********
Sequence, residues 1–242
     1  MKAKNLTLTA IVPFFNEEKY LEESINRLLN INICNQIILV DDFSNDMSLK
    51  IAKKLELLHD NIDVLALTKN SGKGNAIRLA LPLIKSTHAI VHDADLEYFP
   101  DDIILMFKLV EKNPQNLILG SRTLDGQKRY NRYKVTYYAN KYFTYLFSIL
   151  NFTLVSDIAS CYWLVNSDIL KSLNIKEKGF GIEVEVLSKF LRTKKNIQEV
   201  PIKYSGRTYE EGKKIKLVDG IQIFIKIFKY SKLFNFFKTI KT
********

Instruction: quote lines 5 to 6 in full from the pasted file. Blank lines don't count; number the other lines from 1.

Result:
   151  NFTLVSDIAS CYWLVNSDIL KSLNIKEKGF GIEVEVLSKF LRTKKNIQEV
   201  PIKYSGRTYE EGKKIKLVDG IQIFIKIFKY SKLFNFFKTI KT